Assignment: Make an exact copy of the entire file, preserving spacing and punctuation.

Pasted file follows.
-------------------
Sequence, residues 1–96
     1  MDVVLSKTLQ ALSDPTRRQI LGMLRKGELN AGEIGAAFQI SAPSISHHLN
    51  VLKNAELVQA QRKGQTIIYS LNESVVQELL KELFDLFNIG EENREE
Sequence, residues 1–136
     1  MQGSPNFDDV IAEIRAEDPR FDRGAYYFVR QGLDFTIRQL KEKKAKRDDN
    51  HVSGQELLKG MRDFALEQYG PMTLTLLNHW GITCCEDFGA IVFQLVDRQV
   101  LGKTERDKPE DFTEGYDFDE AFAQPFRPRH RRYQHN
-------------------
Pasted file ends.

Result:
Sequence, residues 1–96
     1  MDVVLSKTLQ ALSDPTRRQI LGMLRKGELN AGEIGAAFQI SAPSISHHLN
    51  VLKNAELVQA QRKGQTIIYS LNESVVQELL KELFDLFNIG EENREE
Sequence, residues 1–136
     1  MQGSPNFDDV IAEIRAEDPR FDRGAYYFVR QGLDFTIRQL KEKKAKRDDN
    51  HVSGQELLKG MRDFALEQYG PMTLTLLNHW GITCCEDFGA IVFQLVDRQV
   101  LGKTERDKPE DFTEGYDFDE AFAQPFRPRH RRYQHN